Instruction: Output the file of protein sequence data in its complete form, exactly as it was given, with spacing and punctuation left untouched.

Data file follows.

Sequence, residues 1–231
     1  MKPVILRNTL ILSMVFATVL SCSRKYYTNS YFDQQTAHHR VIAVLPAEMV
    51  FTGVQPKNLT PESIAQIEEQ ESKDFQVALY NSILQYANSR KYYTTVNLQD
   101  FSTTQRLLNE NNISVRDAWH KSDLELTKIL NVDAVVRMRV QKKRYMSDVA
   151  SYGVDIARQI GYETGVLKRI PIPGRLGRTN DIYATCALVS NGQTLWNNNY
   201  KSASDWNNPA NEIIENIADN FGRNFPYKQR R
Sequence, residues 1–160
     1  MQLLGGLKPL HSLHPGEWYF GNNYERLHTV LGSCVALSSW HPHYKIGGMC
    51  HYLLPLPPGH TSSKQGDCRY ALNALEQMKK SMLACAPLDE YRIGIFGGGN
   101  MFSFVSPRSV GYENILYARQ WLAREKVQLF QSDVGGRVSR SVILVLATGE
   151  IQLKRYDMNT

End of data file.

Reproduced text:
Sequence, residues 1–231
     1  MKPVILRNTL ILSMVFATVL SCSRKYYTNS YFDQQTAHHR VIAVLPAEMV
    51  FTGVQPKNLT PESIAQIEEQ ESKDFQVALY NSILQYANSR KYYTTVNLQD
   101  FSTTQRLLNE NNISVRDAWH KSDLELTKIL NVDAVVRMRV QKKRYMSDVA
   151  SYGVDIARQI GYETGVLKRI PIPGRLGRTN DIYATCALVS NGQTLWNNNY
   201  KSASDWNNPA NEIIENIADN FGRNFPYKQR R
Sequence, residues 1–160
     1  MQLLGGLKPL HSLHPGEWYF GNNYERLHTV LGSCVALSSW HPHYKIGGMC
    51  HYLLPLPPGH TSSKQGDCRY ALNALEQMKK SMLACAPLDE YRIGIFGGGN
   101  MFSFVSPRSV GYENILYARQ WLAREKVQLF QSDVGGRVSR SVILVLATGE
   151  IQLKRYDMNT